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Grain Reduction and Blu Ray transfers


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#1 Steve Zimmerman

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Posted 22 May 2008 - 04:01 PM

Looks like there needs to be some additional education of the masses about film grain, just like letterboxing in the past. Some uninformed comments mixed in here. If grain is in the original film, it should be there on the High Def media image.

http://gizmodo.com/3...ain-for-blu ray

Edited by Steve Zimmerman, 22 May 2008 - 04:03 PM.

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#2 Satsuki Murashige

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Posted 23 May 2008 - 02:02 AM

Looks like there needs to be some additional education of the masses about film grain, just like letterboxing in the past. Some uninformed comments mixed in here. If grain is in the original film, it should be there on the High Def media image.

My dad recently got a Blu-Ray player and a 50" Panasonic 1080P plasma tv so I've had the chance to watch a lot of Blu-Ray discs. Most of the visible "grain" in newer films like "Casino Royale", "No Country for Old Men", and "Spiderman 3" is actually video noise, probably from the disc compression. For these films, I'd imagine that the digital master from the DI was used as the source element to create the Blu-Ray version, so there should be even less visible film grain on Blu-Ray than in a theatrical print, where grain from the camera original is overlayed with grain from the emulsions used in the various printing stages. I'm not sure you'd even see any film grain at 1080P resolution unless it was quite pronounced in the negative to begin with (think "Eyes Wide Shut", the B&W intro of "Casino Royale", "Munich", etc.).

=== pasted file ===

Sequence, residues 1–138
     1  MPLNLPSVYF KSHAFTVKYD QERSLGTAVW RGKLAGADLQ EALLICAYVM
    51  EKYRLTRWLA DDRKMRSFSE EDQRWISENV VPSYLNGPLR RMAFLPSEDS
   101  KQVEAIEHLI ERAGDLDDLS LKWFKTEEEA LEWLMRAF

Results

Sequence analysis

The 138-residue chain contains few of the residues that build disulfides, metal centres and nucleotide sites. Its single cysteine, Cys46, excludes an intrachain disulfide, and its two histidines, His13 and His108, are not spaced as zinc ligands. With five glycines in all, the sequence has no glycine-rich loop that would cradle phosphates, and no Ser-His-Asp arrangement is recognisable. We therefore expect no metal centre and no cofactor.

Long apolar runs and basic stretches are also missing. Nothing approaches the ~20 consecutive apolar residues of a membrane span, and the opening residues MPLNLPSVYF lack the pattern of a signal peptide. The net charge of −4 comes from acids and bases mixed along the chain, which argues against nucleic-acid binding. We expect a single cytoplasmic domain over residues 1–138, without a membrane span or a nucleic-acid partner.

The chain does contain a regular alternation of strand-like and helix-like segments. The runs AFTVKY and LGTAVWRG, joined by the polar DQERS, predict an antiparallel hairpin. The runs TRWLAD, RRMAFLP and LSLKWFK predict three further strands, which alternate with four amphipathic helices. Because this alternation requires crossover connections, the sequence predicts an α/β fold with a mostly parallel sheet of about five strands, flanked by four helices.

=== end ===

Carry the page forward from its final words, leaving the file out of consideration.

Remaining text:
Some discs made from older telecine transfers like "The Road Warrior" do actually exhibit film grain, although much less than a theatrical print (though the print that I saw was an old one in poor condition). Dean Semler admits in the commentary track that he underexposed one of the night exteriors too much, resulting in an extremely thin negative that had to be printed up, so no surprise that there's visible grain in that scene. In general, I'd say that these older films exhibit more grain because: film stocks were grainier back then (especially fast stocks from the 80's), the original source material used in the transfer (interpositives with optical effects in many cases) had more grain in them because they had gone through more printing stages and were sometimes damaged from age and abuse, and the amount of noise reduction/grain reduction used in the transfer was much less than would be used on a modern feature going through a DI for theatrical release today. So it's a combination of factors.
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#3 Antti Näyhä

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Posted 23 May 2008 - 03:06 AM

Most of the visible "grain" in newer films like "Casino Royale", "No Country for Old Men", and "Spiderman 3" is actually video noise, probably from the disc compression.

I would say it's film grain that has been messed up by filtering and compression. Video compression alone doesn't create texture like that on "clean" footage.

I'm not sure you'd even see any film grain at 1080P resolution unless it was quite pronounced in the negative to begin with

Sure you would. You can clearly see film grain in a 2K DCI digital projection, and the resolution of that is very close to 1080P. The difference is that DCI is much less compressed, so the grain looks more natural and less like video noise.
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#4 Michel Hafner

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Posted 25 May 2008 - 04:56 AM

Most of the visible "grain" in newer films like "Casino Royale", "No Country for Old Men", and "Spiderman 3" is actually video noise, probably from the disc compression.

How do you know? How do you tell real grain apart from video noise without access to the uncompressed master?

I'm not sure you'd even see any film grain at 1080P resolution unless it was quite pronounced in the negative to begin with (think "Eyes Wide Shut", the B&W intro of "Casino Royale", "Munich", etc.).